There’s also a slight initial teacher education perspective, I suppose, in that part of what we’re doing is we have a set of teacher standards. There are eight of them, and one of the teacher standards talks very much about helping our trainee teachers to know how to work with parents and carers, how to really nurture the wellbeing of the children that they’re working with. It’s very much about treating pupils with dignity. And if ever we need to treat pupils with dignity, you know, a situation where there’s death or grieving going on is going to be one of those.
And then more recently, the government in 2019 has come up with an ITT core content framework, almost like a curriculum, it’s a minimum entitlement, so we have scope to go beyond it. But even within that core content framework, there’s a very strong focus on working with trainee teachers to support the mental health and wellbeing of the children and young people in their care. And there’s a significant emphasis, I would say on the importance of the teacher pupil relationship, and the relationship as well with parents and carers surrounding the child, the relationship with other adults who work in the classrooms – perhaps a teaching assistant, a dinner lady, whoever it might be – who’s working with a child, but that whole kind of wraparound care for a child is important at any time, but perhaps even more acutely vital at a time of some sort of sadness, grief, loss, and so on.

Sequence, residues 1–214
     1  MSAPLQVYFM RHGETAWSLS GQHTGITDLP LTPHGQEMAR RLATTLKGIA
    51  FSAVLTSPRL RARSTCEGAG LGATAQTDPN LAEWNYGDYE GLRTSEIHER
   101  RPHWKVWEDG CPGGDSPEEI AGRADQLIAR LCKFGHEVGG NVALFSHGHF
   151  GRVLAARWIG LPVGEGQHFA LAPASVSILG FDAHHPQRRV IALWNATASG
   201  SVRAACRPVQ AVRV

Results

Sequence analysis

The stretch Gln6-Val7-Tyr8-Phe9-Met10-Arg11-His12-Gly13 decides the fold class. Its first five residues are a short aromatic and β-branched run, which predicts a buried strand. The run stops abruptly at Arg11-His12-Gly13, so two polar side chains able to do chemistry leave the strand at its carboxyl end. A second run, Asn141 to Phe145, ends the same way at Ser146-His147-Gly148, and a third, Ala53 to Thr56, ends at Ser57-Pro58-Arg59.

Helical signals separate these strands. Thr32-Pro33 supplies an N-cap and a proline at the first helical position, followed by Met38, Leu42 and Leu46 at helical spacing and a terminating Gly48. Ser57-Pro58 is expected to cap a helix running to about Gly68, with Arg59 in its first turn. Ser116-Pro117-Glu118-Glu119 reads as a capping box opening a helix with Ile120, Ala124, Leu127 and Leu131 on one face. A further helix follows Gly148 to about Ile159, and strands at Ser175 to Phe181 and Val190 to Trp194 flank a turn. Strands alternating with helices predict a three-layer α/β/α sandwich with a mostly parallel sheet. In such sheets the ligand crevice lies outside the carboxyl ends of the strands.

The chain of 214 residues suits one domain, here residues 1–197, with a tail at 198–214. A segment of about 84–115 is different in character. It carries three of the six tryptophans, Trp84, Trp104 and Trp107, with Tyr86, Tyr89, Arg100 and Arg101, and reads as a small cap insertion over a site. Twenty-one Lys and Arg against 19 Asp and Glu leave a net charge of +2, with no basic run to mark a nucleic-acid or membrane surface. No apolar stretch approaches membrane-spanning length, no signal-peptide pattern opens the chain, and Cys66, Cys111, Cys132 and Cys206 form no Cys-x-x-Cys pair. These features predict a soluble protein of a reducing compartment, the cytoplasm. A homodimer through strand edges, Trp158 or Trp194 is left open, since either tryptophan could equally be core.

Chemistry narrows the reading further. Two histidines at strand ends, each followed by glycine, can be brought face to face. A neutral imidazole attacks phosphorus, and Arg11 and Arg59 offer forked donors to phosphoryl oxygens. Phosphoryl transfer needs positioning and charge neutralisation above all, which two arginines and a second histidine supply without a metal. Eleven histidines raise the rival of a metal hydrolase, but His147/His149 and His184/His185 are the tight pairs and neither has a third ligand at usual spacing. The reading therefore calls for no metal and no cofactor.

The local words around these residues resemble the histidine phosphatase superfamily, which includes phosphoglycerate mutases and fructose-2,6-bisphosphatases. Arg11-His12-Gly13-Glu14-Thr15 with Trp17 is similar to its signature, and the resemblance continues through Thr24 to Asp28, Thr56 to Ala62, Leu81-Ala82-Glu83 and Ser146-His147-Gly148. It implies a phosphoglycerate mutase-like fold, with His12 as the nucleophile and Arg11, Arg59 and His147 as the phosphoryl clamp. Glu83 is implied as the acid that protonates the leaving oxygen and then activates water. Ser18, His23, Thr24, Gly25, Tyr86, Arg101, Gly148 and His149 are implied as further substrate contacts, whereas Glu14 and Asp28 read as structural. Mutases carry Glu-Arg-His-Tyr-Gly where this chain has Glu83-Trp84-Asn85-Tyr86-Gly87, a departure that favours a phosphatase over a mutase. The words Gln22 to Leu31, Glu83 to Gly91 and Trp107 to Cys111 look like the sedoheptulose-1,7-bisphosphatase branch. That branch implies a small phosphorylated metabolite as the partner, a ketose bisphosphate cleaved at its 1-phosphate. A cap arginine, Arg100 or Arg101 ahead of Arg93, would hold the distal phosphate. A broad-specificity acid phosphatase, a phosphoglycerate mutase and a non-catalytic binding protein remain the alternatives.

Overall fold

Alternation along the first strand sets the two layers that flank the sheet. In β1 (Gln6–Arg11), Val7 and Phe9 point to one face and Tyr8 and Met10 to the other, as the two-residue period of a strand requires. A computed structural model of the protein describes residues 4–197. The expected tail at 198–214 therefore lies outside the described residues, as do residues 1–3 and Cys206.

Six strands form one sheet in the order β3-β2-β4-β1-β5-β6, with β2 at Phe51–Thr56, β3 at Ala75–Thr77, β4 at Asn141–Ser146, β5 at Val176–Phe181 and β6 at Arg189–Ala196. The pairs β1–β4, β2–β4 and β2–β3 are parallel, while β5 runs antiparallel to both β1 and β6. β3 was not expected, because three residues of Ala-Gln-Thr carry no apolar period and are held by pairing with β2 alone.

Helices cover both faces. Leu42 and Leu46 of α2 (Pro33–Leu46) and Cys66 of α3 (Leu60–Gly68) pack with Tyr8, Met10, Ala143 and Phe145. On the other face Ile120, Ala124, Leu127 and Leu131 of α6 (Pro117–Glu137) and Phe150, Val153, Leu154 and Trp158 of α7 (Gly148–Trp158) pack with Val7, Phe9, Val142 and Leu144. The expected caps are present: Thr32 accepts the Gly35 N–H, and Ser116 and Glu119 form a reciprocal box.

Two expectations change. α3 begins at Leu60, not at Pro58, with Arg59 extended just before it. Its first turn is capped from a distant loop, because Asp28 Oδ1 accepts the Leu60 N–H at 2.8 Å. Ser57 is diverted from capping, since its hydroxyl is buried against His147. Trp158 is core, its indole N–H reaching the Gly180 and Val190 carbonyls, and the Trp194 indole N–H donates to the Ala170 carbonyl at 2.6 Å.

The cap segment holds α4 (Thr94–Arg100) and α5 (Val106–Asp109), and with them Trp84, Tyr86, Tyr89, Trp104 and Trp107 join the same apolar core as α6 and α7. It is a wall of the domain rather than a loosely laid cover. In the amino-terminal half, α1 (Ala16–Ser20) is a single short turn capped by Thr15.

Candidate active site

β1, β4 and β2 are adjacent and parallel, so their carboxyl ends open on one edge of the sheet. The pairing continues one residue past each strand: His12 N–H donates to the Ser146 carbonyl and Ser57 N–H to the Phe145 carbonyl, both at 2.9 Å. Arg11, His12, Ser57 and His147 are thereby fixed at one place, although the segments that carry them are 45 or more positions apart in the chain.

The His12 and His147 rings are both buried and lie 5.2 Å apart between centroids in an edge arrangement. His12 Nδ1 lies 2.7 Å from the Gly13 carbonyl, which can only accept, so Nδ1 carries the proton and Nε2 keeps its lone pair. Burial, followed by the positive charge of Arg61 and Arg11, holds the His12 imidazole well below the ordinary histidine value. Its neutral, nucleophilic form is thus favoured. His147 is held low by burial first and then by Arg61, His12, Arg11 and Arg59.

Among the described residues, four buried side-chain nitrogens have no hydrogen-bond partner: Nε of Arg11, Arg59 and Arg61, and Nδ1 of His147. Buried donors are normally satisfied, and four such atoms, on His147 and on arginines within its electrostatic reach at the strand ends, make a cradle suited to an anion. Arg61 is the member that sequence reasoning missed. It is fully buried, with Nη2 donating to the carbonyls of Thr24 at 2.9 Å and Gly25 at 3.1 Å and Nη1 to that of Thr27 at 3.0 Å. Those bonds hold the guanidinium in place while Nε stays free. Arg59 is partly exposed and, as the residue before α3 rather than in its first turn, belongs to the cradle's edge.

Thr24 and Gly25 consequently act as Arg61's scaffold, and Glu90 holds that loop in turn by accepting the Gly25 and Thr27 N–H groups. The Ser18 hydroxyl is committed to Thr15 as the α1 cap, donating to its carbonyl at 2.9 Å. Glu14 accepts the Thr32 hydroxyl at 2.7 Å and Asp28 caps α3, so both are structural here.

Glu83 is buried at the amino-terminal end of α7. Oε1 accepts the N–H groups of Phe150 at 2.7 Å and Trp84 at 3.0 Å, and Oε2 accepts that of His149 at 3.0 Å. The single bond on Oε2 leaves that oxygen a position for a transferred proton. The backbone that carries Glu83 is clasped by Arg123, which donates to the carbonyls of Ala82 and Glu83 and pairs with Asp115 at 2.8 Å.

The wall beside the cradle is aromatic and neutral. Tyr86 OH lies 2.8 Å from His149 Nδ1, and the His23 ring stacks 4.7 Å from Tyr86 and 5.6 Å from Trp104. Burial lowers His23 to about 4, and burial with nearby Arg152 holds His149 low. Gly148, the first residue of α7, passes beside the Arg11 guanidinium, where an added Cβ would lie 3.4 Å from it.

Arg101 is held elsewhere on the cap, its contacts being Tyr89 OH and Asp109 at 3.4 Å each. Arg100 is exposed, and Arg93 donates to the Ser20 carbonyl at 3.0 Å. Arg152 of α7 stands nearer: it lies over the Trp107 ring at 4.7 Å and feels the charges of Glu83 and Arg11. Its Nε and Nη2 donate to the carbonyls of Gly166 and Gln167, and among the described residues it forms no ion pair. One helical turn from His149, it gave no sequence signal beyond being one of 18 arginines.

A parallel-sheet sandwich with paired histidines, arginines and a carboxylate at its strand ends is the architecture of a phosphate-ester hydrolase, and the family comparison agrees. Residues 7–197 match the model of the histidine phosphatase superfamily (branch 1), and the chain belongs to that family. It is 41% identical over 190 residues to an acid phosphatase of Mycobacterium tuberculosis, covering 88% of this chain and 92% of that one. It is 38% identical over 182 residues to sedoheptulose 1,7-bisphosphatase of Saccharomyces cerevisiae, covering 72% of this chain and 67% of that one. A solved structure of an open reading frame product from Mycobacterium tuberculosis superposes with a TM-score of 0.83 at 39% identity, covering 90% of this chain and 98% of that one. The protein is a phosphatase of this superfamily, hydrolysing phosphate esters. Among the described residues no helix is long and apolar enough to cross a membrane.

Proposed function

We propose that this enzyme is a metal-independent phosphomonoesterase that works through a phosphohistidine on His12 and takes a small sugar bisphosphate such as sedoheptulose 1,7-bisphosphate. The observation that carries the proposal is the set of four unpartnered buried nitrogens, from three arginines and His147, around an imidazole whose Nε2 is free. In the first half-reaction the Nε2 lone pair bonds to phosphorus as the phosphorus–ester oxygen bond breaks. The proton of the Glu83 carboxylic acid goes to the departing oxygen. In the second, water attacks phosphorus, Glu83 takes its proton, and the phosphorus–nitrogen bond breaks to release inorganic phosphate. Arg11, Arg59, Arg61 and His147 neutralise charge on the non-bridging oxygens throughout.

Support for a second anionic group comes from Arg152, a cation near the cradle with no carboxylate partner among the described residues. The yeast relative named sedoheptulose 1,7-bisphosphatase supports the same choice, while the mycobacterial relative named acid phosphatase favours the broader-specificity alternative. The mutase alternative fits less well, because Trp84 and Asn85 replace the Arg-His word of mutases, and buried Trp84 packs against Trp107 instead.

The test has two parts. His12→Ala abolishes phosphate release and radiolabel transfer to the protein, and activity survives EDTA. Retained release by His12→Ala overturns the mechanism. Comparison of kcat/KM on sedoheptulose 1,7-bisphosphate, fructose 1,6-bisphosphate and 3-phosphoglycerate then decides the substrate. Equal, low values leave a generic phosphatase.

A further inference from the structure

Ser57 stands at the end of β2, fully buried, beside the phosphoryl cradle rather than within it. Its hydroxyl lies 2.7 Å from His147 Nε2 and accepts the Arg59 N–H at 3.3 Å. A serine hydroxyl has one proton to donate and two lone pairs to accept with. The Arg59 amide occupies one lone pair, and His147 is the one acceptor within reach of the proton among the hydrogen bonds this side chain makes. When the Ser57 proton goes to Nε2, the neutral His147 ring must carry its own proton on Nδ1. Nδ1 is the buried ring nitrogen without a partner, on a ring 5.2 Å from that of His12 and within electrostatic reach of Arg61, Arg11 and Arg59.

Q. It’s quite difficult, isn’t it? I’ve had my five go through the education system, or in it, of course at the moment. And I often think that it’s quite – I wouldn’t call it blurred lines – but it’s difficult because sometimes as a parent, you sort of find yourself expecting teachers to parent a bit. And I think sometimes perhaps, although I don’t have the experience, the teachers appear to perhaps want the parents to teach a bit more. And I think they’re both quite legitimate ends of the same spectrum. It’s development, it’s education, it’s helping a young person, but I guess we’ve also got to consider the teachers and their wellbeing here as well don’t we? Because it might well be that a kid’s behaving really badly in the classroom, but hasn’t told anyone, and maybe the parents haven’t, or the siblings haven’t, that there’s either a dying person, friend, or family in the background or an actual bereavement. And I suppose the difficulty for a teacher is, you meet what you see, which might be very bad behaviour or something difficult like that. So I suppose it’s teachers need that support to identify where there might be something beyond what they can see in play?